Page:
Zeus in Hesiod’s Works and Days
Works and Days by Hesiod was a myth that provided an explanation to the Ancient Greeks of their role in connection to the gods and the universe. In Works and Days humans lived side by side with the gods and had everything they could need and would not suffer. When Zeus demanded the humans sacrifice their best food for him, Prometheus attempted to trick him, but Zeus was unfazed by his deception and took fire away from the humans as punishment. Prometheus ended up stealing the fire back, and enraged Zeus, who said “You rejoice that you have stolen fire and cheated my mind: a great sorrow (this will be) for yourself and for men to come. To them I will give an evil, in which all of them take pleasure in their hearts, while embracing their own suffering” (Hesiod, Works and Days, Pg. 102 in GHM). He then punished man by giving them the first woman, Pandora, who released all the bad qualities of man into the world out of a jar.
In this story, Zeus is depicted as almost an enemy of mankind, as he is all powerful but still seeks to ruin the existence of man and assert his dominance, and Prometheus is considered a culture hero for giving fire back to man and allowing them to cook food. This story depicts Zeus as a merciless, cruel god who does not want humans to succeed.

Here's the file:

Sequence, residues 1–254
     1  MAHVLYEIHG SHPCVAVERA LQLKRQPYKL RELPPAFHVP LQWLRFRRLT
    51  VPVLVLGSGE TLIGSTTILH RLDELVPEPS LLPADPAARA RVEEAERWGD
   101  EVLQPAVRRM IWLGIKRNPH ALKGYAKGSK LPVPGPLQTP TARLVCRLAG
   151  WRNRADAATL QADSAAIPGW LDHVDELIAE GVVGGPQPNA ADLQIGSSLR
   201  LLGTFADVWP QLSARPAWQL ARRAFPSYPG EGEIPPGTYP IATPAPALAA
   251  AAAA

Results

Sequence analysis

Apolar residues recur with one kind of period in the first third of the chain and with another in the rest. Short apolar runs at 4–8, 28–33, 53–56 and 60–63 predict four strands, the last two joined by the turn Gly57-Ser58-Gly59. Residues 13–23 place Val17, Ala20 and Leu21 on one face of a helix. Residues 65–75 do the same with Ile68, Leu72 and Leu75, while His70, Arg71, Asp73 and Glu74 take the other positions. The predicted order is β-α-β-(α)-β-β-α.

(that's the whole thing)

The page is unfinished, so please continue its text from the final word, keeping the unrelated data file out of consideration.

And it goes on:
Zeus in Homer’s Iliad
The Iliad is an epic poem in which Homer depicts the fighting that occurred during the Trojan War. In it, Zeus is depicted as an impartial father figure who seeks to ensure the war doesn’t fall into chaos with the gods fighting each other. He felt that whatever fate decided was just and wanted to keep the fight between the Trojans and the Greeks, and he was so strong in his judgment that he even allowed his son Sarpedon to die at the hands of Patroclus, because that’s what fate had decided. Zeus decided to only influence the war in terms of glory and honor, and he decided that must let even his loved ones die for fate to take its course.
This poem depicts Zeus as less of a cruel god, but more of an all-seeing, all-knowing one, as he decides intervening in the affairs of the mortals is unjust and he would rather let fate decide the future. He even shows a slight care for the mortals, as he allows. This is my favorite depiction of Zeus, as rather than being demeaning and over-bearing, he is wise and responsible in his decisions.
Zeus in Ovid’s Metamorphoses
In Metamorphoses by Ovid, Zeus is renamed Jove and is depicted as almost foolish and comical. After being angered by the actions of Lyacon, who tried to murder him in his sleep, Jove decides to destroy all of humanity with a flood, which is considered a very harsh reaction to the actions of one man. He also goes on to rape a nymph named Io, indicating that rather than needing to be protected by the gods, lesser beings need protection from the gods.
In Metamorphoses, Ovid portrays Zeus/Jove as a god of poor judgement and indicates that he believes even the gods can have low morals, a harsh contrast from depictions of Zeus as a strong leader in ancient Greek literature. Ovid wanted to write his own story and change how the gods were perceived.